Education in India is provided by the public sector as well as the private sector, with control and funding coming from three levels: central,state, and local. Taxila was the earliest recorded centre of higher learning in India from at least 5th century BCE and it is debatable whether it could be regarded a university or not. The Nalanda University was the oldest university-system of education in the world in the modern sense of university. Western education became ingrained into Indian society with the establishment of the British Raj.
Education in India falls under the control of both the Union Government and the states, with some responsibilities lying with the Union and the states having autonomy for others. The various articles of the Indian Constitution provide for education as a fundamental right. Most universities in India are controlled by the Union or the State Government.
India has made progress in terms of increasing primary education attendance rate and expanding literacy to approximately two thirds of the population. India's improved education system is often cited as one of the main contributors to the economic rise of India. Much of the progress, especially in higher education and scientific research, has been credited to various public institutions. The private education market in India is merely 5%[ although in terms of value is estimated to be worth $40 billion in 2008 and will increase to $68–70 billion by 2012. However, India continues to face stern challenges. Despite growing investment in education, 25% of its population is still illiterate; only 15% of Indian students reach high school, and just 7% graduate. The quality of education whether at primary or higher education is significantly poor as compared with major developing nations. As of 2008, India's post-secondary institutions offer only enough seats for 7% of India's college-age population, 25% of teaching positions nationwide are vacant, and 57% of college professors lack either a master's or PhD degree
As of 2011, there are 1522 degree-granting engineering colleges in India with an annual student intake of 582,000, plus 1,244 polytechnics with an annual intake of 265,000. However, these institutions face shortage of faculty and concerns have been raised over the quality of education. In India education system is not based on pure merit, but its based on caste based reservations. In universities/Colleges/Institutions affiliated to federal government there is minimum 50% of reservations applicable to various castes.At state level it varies. State of Andhra Pradesh has 83.33% of reservations as on 2012 ,which is highest percentage of reservations in India. So the state is popularly known as the state that killed merit.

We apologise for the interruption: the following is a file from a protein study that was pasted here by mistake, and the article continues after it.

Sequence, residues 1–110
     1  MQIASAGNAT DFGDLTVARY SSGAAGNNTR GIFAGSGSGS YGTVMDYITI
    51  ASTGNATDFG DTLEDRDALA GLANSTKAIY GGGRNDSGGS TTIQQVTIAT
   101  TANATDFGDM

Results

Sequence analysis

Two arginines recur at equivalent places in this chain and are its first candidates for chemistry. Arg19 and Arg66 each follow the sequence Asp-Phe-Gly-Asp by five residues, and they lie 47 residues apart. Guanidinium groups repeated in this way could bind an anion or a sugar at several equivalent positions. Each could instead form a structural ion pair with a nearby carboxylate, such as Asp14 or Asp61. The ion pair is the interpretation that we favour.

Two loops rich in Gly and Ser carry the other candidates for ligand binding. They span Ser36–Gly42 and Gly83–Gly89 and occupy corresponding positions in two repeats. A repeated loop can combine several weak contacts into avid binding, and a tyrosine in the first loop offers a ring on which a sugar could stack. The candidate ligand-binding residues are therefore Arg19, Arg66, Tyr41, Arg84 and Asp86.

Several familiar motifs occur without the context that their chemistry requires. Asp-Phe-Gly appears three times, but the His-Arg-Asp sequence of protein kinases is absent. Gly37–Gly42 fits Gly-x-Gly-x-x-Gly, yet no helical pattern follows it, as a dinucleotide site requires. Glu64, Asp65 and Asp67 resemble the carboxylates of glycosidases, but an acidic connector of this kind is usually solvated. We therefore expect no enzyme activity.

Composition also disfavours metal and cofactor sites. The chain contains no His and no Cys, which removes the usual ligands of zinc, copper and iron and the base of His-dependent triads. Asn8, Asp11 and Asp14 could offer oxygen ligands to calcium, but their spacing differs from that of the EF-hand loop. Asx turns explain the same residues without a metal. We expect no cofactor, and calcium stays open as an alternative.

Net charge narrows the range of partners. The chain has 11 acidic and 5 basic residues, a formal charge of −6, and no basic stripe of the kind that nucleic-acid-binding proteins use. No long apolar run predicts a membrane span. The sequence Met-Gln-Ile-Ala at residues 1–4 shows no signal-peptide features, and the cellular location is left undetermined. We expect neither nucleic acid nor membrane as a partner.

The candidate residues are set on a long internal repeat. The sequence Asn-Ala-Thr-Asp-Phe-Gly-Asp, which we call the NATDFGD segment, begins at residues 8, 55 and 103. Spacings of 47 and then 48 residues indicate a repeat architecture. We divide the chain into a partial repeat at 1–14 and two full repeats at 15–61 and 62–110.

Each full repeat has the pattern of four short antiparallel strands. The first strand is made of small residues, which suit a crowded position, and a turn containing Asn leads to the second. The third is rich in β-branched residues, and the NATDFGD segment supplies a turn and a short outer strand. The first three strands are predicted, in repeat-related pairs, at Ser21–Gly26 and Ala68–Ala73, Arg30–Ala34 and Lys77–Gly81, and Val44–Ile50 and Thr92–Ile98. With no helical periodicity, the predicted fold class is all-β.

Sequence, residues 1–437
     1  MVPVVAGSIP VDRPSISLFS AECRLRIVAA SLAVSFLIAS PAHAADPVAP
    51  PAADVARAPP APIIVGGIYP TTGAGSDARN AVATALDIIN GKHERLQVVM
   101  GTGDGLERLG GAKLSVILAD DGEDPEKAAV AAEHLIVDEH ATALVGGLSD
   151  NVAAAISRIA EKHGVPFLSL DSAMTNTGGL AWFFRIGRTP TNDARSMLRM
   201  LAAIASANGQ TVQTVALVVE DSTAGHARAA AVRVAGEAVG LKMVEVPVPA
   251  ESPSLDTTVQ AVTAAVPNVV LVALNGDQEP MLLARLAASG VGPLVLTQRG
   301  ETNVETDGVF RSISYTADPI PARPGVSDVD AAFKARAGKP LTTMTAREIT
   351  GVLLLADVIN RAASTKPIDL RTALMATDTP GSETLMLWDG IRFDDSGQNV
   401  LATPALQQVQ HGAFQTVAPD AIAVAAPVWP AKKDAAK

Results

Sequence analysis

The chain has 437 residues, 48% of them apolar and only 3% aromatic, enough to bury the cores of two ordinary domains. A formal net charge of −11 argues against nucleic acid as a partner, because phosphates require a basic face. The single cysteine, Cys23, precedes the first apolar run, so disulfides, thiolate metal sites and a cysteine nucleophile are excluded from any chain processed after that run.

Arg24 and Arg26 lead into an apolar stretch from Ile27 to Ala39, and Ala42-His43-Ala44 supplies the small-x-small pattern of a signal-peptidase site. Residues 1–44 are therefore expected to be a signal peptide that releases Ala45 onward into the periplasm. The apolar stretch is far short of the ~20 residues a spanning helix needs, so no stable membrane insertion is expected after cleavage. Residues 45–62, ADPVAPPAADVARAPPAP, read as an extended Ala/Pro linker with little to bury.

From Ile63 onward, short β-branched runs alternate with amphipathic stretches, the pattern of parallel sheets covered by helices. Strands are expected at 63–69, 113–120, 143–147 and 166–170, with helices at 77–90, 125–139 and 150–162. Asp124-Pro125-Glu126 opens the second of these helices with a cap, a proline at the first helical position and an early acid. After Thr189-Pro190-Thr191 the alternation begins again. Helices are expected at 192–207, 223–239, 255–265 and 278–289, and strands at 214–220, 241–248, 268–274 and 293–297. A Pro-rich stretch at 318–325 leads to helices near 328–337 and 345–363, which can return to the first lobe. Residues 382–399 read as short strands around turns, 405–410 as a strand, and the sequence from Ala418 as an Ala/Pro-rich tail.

PRIMARY EDUCATION SYSTEM IN INDIA
The Indian government lays emphasis to primary education up to the age of fourteen years (referred to as Elementary Education in India.) The Indian government has also banned child labour in order to ensure that the children do not enter unsafe working conditions. However, both free education and the ban on child labour are difficult to enforce due to economic disparity and social conditions. 80% of all recognized schools at the Elementary Stage are government run or supported, making it the largest provider of education in the Country.
However, due to shortage of resources and lack of political will, this system suffers from massive gaps including high pupil to teacher ratios, shortage of infrastructure and poor levels of teacher training. Figures released by the Indian government in 2011 show that there were 5,816,673 elementary school teachers in India. As of March 2012 there were 2,127,000 secondary school teachers in India. Education has also been made free] for children for 6 to 14 years of age or up to class VIII under the Right of Children to Free and Compulsory Education Act 2009
There have been...